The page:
The story takes place at the end of the reign of Queen Mary I, aka “Bloody Mary.” Kate and her impulsive, lovable sister Alicia are ladies-in-waiting to the Princess Elizabeth, in exile from court at the drafty manor of Hatfield. When Alicia sends a letter of complaint to the Queen, Kate gets the blame, and she is banished to a manor house called The Perilous Gard in Derbyshire to live out her days in disgrace and under close guard. There, Kate meets the master of the castle/manor, Sir Geoffrey Heron and his strange, silent younger brother, Christopher. She also meets a strange lady dressed in green and hears many odd stories about the Elvenwood that surrounds Perilous Gard as well as the nearby Holy Well that draws pilgrims from near and far in search of healing and comfort.

I was especially intrigued by the hints and uses of Christian truth in this fantasy novel. (It does turn into a fantasy novel, as Kate encounters the reality of the Fairies who are behind all the stories she hears about strange, pagan rituals and kidnappings that have characterized Elvenwood.) The central conflict in the novel is between Paganism and the Fair Folk’s thirst for magical power and the Christian ideals of love and service and simple living. There is also a conflict within Kate herself as she sees herself as clumsy, unlovely and unlovable, but learns to see herself in a new light, giving herself in selfless service to another. The book is not overtly Christian or preachy, but in one conversation between Kate and the Lady in Green (queen of the Fair Folk), Kate actually puts into words some of the truths of the gospel in a rather compelling and interesting way:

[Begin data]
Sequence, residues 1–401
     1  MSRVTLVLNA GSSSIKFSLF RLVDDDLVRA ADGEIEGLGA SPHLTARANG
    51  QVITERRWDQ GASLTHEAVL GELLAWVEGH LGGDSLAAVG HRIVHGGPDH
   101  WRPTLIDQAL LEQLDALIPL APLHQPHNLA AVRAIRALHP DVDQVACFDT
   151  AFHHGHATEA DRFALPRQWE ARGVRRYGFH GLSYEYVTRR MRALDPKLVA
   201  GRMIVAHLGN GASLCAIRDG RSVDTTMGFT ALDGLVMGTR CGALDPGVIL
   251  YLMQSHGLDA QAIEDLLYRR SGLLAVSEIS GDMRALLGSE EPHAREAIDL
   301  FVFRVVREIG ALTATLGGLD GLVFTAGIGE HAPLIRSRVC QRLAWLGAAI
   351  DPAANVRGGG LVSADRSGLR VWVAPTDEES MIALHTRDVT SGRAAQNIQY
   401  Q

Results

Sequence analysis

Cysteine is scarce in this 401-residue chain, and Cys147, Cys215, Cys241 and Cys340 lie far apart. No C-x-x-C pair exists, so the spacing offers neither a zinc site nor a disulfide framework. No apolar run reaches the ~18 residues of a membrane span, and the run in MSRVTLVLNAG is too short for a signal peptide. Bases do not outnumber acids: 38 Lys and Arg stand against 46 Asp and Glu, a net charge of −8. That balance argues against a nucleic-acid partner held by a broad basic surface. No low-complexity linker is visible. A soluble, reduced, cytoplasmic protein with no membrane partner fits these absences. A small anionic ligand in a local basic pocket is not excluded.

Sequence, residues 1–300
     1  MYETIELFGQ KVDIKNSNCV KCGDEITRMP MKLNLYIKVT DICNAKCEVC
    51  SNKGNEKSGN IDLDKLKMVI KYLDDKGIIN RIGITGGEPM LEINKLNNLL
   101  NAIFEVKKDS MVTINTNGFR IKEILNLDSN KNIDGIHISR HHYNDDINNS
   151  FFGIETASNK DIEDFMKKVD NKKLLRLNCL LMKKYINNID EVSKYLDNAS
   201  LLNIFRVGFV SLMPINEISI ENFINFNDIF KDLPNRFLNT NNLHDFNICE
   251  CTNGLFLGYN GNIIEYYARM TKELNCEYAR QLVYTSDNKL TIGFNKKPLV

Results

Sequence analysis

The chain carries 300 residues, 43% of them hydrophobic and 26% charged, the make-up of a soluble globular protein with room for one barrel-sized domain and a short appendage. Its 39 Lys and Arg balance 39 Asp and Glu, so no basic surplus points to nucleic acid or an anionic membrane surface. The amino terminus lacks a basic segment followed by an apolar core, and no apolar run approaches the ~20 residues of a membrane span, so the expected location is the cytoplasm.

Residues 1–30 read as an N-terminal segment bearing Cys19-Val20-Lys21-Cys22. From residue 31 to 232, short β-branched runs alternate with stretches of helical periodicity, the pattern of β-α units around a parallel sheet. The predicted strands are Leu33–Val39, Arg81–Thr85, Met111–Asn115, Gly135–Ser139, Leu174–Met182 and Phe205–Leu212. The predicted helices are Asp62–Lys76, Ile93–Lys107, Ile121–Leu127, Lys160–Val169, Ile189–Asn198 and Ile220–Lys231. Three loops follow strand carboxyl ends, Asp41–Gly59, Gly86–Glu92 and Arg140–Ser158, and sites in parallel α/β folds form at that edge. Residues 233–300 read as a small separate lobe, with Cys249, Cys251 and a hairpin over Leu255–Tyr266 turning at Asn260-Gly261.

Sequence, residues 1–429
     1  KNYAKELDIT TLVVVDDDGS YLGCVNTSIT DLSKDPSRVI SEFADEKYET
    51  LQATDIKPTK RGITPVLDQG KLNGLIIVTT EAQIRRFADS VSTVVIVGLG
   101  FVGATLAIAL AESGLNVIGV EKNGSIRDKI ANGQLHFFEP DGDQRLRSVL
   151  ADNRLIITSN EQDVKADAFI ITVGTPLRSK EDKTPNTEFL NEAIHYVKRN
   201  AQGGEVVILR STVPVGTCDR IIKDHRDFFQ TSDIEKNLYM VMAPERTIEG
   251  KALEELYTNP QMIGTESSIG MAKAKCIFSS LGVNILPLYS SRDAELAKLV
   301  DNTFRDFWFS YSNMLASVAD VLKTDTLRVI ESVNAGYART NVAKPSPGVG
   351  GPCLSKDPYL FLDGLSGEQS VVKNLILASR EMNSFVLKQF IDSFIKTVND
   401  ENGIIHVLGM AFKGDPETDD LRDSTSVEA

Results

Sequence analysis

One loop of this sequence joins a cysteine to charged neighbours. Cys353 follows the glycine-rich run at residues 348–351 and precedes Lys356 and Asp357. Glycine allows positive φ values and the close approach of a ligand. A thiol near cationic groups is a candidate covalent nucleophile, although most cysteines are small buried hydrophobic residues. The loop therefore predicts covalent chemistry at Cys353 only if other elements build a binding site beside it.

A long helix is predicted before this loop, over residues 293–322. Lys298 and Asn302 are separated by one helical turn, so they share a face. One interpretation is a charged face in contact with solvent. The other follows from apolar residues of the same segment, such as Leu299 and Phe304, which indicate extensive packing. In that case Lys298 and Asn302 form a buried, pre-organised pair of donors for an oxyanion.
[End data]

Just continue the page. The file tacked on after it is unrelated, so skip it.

Lady in Green: “I will not deny that your Lord paid the teind (ransom), nor that it would be good to have had some part in it, for He was a strong man, and born of a race of kings, and His tend must have been a very great one. But that was long ago, long ago in his own time and place. It’s strength is spent now. The power has gone out of it.